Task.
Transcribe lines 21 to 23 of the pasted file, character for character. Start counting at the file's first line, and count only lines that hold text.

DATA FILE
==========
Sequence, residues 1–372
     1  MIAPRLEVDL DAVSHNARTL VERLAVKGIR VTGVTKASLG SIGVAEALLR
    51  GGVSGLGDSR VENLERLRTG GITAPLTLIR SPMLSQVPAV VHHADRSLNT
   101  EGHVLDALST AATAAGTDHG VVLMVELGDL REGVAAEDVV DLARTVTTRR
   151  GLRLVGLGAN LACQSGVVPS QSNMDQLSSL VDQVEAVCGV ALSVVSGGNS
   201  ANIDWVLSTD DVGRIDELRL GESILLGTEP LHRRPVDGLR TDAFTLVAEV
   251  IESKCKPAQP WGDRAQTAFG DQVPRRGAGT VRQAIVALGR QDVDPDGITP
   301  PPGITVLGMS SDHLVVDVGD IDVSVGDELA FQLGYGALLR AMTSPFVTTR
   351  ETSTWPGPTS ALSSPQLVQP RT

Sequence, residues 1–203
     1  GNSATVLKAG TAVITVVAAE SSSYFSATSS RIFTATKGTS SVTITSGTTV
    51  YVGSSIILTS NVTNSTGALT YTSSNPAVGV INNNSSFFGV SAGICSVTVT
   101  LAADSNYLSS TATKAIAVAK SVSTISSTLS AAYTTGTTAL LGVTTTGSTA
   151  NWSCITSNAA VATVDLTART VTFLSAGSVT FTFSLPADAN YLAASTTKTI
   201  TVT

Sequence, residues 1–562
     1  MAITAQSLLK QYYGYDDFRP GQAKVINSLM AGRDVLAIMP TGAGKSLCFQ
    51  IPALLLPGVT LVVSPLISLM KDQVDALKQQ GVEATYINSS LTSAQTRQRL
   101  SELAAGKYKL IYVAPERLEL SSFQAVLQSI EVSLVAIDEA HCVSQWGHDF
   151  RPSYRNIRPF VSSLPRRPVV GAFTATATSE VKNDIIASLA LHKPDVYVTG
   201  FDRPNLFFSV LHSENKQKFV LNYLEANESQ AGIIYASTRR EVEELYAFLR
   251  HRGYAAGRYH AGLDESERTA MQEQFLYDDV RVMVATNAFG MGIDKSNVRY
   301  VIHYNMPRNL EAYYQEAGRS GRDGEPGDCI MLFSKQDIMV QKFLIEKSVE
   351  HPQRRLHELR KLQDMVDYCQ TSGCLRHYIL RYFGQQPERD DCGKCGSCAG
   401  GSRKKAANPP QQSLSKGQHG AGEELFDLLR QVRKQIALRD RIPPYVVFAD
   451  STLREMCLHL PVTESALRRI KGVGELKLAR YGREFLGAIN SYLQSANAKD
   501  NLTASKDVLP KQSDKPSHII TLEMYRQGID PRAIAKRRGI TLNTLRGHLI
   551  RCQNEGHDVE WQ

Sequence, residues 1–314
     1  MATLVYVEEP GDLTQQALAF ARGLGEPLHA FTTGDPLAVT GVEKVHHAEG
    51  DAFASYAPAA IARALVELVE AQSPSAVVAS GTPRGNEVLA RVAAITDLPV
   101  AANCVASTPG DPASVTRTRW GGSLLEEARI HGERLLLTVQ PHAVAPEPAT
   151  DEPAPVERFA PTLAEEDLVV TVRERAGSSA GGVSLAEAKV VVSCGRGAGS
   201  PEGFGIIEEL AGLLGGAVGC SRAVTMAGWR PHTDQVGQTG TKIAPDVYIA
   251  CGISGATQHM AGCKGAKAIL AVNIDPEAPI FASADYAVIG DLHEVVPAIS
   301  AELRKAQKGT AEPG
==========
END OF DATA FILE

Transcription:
   201  FDRPNLFFSV LHSENKQKFV LNYLEANESQ AGIIYASTRR EVEELYAFLR
   251  HRGYAAGRYH AGLDESERTA MQEQFLYDDV RVMVATNAFG MGIDKSNVRY
   301  VIHYNMPRNL EAYYQEAGRS GRDGEPGDCI MLFSKQDIMV QKFLIEKSVE